# Challenge RE #13

Let’s do another re challenge, if you’ve been reading my recent posts you know that I’m solving the challenges from challenges.re. This time, I’m going to analyze the short but not less interesting #13. Let’s start.

## Analysis

This time we don’t have a binary file, instead we have a quite short assembly code. Using **128-bit registers**, `xmm0 and xmm1`

. For this program we have three arguments, `rsi, rdx and rdi`

. The first two contains unsigned integers, given the way we are accessing them we can infer they are being passed on 2 arrays.

Here is the code

```
f:
xor rax, rax
.L4:
movdqu xmm0, XMMWORD PTR [rsi+rax]
movdqu xmm1, XMMWORD PTR [rdx+rax]
pmaxub xmm0, xmm1 ;; returns maximum of both
movdqu XMMWORD PTR [rdi+rax], xmm0
add rax, 16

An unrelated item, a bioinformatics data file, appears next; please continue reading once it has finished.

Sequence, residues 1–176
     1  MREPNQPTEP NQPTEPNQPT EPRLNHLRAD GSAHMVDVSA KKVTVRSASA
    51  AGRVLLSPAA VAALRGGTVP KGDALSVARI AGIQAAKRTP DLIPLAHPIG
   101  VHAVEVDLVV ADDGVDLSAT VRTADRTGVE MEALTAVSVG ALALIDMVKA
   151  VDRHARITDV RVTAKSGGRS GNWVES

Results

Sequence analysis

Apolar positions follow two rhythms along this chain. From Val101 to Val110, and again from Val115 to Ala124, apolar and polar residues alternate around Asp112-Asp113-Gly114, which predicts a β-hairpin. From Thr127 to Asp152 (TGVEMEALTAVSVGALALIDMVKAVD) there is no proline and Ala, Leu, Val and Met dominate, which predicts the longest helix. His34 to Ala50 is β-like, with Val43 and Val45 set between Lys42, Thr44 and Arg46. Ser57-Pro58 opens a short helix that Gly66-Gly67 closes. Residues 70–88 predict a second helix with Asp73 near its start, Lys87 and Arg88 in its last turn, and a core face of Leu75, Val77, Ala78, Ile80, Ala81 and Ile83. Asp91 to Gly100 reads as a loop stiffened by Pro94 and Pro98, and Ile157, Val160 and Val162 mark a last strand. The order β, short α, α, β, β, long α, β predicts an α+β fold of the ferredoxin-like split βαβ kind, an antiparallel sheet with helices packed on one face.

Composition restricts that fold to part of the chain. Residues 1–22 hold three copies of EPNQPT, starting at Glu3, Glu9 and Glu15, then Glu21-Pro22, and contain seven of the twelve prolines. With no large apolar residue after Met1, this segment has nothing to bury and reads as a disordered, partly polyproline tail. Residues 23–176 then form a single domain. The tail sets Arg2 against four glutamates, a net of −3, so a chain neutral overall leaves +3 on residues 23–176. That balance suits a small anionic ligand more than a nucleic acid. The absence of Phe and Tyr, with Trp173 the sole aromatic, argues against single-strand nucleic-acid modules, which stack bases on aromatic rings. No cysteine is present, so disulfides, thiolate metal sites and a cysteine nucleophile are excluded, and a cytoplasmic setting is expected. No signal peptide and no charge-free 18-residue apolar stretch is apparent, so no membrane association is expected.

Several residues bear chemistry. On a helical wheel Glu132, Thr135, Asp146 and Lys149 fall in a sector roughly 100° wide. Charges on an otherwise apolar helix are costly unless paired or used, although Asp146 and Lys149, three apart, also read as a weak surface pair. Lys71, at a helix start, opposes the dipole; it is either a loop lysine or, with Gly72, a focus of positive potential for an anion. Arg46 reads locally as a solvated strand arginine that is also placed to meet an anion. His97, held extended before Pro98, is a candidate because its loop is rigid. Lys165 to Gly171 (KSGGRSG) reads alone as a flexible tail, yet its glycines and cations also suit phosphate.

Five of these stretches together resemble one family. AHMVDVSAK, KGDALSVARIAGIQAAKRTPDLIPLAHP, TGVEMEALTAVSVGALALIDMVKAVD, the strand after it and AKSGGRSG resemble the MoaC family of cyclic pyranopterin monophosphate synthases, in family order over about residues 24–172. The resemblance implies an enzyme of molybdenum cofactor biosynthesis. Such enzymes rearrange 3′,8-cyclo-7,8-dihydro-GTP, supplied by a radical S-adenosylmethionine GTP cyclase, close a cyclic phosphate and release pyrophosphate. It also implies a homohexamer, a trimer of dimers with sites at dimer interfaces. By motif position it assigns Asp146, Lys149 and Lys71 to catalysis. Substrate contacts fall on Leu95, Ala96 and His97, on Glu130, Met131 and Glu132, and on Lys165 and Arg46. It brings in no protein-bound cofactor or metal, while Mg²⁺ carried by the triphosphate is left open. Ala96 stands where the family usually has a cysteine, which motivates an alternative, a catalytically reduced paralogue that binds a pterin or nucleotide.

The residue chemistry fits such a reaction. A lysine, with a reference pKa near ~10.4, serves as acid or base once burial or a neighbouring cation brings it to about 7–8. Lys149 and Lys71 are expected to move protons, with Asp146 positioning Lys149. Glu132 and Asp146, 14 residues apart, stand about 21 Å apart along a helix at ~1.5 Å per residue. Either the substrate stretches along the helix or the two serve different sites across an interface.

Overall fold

cmp rax, 1024
jne .L4
rep ret
```

Immediately we can notice that we have a loop, and that the iteration will end when `rax`

will be **1024**. On each iteration we increase `rax`

by **16**, so we will iterate **64** times. Now what’s done on these iterations?

Actually quite simple, we are comparing each elements of the array, the one in `rsi`

and `rdx`

, and selecting the maximum value between the two to be saved in `rdi`

. Given that `rdi`

it’s a **64 bit register** and we iterate exactly **64** times, we will fill `rdi`

with these maximum elements.

With this, we can already give our formal description of the program:

**Formal description**

Given two arrays,

a and b, with unsigned integers, we return and arrayarrwhere for eachi = 0, …, 64, we havearr[i] = max(a[i], b[i]).

That’s it!!